Something also needs to be done about DSS tenants as a lot of places won't rent to them and they are shoved out of the market. I say this as a tenant who is in and out of work due to disabled dc. I can't apply for social housing as they don't consider me to have a housing need but a lot of local agents have a blanket ban on tenants on benefits.

suzannecanthecan Sun 26-Apr-15 10:07:06

We can all speculate but no one knows how these things will pan out, unintended consequences are highly likely

PausingFlatly Sun 26-Apr-15 10:16:53

"Let's say you are a property developer - think local builder rather than banker. You go to auction and buy a near derelict property. You modernise it and put it on the rental market. You need a 7% yield to justify the risk."

So you sell it instead. Making your yield on the increase in value from derelict to newly refurbished. And getting your money back a damn sight sooner.

Erudite Sun 26-Apr-15 10:24:07

*If landlords find that their profits are squeezed by regulation of the rental sector they'll want to take their capital out of property and into something that gives a better return.
They'll have to sell properties for relatively low prices to private buyers who would have been renters but are now able to buy as prices normalize ‎*

That's astonishingly naive. Prices will not fall to the levels that low renters to buy. There is a severe housing shortage and BTL LL are not the main cause of that.

PausingFlatly Sun 26-Apr-15 10:30:21

Erudite, where do you think your "private buyers" are living now?

NonDom Sun 26-Apr-15 10:38:13

Pausing,

Selling only works for the developer if they have managed to add enough value. At the cheaper end of the market, this is not always possible, so renting is how they can recoup costs.

If the house is sold to an owner occupier, it means one less property on the rental market.

suzannecanthecan Sun 26-Apr-15 10:39:34

how can anyone be sure that prices wont (or will) fallhmm
have you the gift of prophecy?

MythicalKings Sun 26-Apr-15 10:43:22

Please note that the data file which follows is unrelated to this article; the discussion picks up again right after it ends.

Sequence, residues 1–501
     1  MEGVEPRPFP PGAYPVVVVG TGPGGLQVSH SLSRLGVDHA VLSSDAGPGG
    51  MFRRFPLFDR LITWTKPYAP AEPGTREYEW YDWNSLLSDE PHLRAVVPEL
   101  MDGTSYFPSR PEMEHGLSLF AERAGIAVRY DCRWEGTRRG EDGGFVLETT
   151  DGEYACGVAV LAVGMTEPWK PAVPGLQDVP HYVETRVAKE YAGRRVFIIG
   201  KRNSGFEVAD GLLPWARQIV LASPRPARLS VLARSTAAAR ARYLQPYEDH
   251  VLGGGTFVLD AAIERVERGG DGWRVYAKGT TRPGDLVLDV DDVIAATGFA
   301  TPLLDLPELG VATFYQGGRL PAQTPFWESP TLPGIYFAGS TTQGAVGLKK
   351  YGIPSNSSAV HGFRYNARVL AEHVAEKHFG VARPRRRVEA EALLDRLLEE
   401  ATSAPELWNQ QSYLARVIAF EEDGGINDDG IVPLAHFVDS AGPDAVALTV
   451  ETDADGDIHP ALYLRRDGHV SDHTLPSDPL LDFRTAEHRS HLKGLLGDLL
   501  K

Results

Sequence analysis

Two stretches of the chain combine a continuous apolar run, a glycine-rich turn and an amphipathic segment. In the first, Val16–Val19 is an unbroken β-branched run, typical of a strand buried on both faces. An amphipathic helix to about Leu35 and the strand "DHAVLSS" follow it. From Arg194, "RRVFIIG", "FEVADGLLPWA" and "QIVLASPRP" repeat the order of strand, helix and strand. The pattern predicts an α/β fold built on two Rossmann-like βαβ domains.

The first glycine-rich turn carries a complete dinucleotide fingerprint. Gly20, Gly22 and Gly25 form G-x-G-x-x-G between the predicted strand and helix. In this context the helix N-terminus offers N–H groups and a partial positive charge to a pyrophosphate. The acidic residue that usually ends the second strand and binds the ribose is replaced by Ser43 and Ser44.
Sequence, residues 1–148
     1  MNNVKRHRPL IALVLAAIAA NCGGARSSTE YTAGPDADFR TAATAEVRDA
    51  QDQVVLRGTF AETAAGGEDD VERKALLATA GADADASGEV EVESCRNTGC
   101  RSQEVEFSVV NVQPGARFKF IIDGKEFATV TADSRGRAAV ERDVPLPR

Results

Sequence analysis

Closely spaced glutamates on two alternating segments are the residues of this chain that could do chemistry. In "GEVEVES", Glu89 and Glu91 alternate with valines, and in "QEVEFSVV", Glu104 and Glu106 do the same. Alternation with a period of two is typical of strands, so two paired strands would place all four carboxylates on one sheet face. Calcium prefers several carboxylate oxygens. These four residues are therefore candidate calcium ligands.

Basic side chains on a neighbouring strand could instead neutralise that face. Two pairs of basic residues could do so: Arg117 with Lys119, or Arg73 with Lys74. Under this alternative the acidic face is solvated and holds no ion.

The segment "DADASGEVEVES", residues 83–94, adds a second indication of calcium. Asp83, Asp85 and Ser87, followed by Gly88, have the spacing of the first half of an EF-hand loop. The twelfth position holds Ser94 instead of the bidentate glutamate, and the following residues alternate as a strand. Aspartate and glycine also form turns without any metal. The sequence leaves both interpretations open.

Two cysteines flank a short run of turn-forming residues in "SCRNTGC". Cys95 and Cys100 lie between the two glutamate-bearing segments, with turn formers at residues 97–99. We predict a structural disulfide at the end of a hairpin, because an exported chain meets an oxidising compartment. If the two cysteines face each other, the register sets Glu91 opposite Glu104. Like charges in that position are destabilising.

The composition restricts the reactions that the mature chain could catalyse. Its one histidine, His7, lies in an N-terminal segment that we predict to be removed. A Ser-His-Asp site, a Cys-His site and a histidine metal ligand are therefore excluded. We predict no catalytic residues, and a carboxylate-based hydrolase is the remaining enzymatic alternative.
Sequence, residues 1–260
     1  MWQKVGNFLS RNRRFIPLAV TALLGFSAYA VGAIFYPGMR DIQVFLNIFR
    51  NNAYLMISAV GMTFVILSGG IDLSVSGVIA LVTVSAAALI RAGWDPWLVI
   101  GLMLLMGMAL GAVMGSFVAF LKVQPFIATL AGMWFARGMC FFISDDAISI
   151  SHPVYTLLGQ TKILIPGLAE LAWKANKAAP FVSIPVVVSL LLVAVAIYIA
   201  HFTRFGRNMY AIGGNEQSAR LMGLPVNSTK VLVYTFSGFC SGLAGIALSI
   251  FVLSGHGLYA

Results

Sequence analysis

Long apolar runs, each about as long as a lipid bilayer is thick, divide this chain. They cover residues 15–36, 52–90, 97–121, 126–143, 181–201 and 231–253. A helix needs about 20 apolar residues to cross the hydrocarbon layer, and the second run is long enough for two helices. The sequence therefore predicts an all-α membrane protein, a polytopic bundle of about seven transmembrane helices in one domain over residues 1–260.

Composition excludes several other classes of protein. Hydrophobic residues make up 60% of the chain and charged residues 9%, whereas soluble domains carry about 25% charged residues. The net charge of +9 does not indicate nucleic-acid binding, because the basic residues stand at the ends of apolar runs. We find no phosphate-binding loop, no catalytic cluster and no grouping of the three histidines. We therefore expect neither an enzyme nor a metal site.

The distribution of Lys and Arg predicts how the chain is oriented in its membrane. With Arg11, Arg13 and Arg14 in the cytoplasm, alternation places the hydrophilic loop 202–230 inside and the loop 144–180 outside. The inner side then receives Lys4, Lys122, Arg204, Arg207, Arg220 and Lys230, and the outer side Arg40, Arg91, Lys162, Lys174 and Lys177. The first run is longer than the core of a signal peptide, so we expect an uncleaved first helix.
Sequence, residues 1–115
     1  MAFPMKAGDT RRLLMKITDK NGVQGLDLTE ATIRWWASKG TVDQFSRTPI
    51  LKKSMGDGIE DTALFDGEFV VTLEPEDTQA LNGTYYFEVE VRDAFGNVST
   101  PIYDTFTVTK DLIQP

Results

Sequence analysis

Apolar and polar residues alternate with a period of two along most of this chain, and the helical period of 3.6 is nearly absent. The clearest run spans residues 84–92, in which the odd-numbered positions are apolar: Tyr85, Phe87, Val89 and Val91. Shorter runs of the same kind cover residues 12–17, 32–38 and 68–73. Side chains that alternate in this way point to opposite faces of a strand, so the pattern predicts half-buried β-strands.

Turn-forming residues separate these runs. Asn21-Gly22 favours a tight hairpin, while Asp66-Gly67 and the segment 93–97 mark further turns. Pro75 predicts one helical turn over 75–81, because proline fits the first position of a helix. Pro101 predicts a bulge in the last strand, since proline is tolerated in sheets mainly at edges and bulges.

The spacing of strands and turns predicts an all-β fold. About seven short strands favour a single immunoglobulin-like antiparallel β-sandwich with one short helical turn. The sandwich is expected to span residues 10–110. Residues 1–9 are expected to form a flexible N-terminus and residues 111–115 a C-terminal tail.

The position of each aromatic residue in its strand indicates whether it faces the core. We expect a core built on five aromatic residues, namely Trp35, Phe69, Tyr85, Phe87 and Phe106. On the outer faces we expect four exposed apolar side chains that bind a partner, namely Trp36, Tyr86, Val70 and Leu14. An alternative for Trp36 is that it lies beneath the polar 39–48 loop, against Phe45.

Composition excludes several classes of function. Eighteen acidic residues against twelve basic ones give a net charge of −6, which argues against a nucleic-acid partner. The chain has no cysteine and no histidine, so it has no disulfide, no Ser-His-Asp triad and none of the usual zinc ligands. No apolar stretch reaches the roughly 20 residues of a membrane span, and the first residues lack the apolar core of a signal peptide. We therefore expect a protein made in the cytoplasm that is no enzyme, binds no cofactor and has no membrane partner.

Last year we installed a new central heating system into the house we rent out.

This year we are replacing all the windows and doors.

Next year there will be a new bathroom.

Of course we are going to put the rent up above inflation rates. But our tenants are very happy with the improvements and are happy with the increase which they see as fair.

Madbengalmum Sun 26-Apr-15 10:45:20

Yet another ill thought out Labour policy.

PausingFlatly Sun 26-Apr-15 10:47:04

"If the house is sold to an owner occupier, it means one less property on the rental market"

<headdesk>

AND ONE LESS FAMILY TAKING UP PROPERTY IN THE RENTAL MARKET, BECAUSE THEY ARE NOW OWNER OCCUPIERS.

Sorry to shout, but it seems some people are having trouble with this concept.

PausingFlatly Sun 26-Apr-15 10:53:16

NonDom, if the builder thinks he can't make enough profit on developing, he can leave the property to be bought by an owner-occupier who will pay him to renovate, and then occupy it themselves.

It will cost the owner-occupier more to renovate because he would have done it at cost, but on the other hand they don't need to turn a profit at the end, just to fit their own budget.

lotsofcheese Sun 26-Apr-15 10:54:51

And it's not going to help those requiring large deposits or who can't get a mortgage. Been there for 5 years

PausingFlatly Sun 26-Apr-15 10:57:53

And of course the fewer builder-developers bidding for the property against the owner-occupiers, the less they'll pay for it in the first place.

caroldecker Sun 26-Apr-15 11:14:56

If you read through to the policy, it is not what is headlined.
1. It won't apply to current BTL mortgage holders
2. The landlord can end it early for a number of 'easy' reasons
3. The benchmark for increases may be average rents, so a circular issue that could actually increase rates faster than today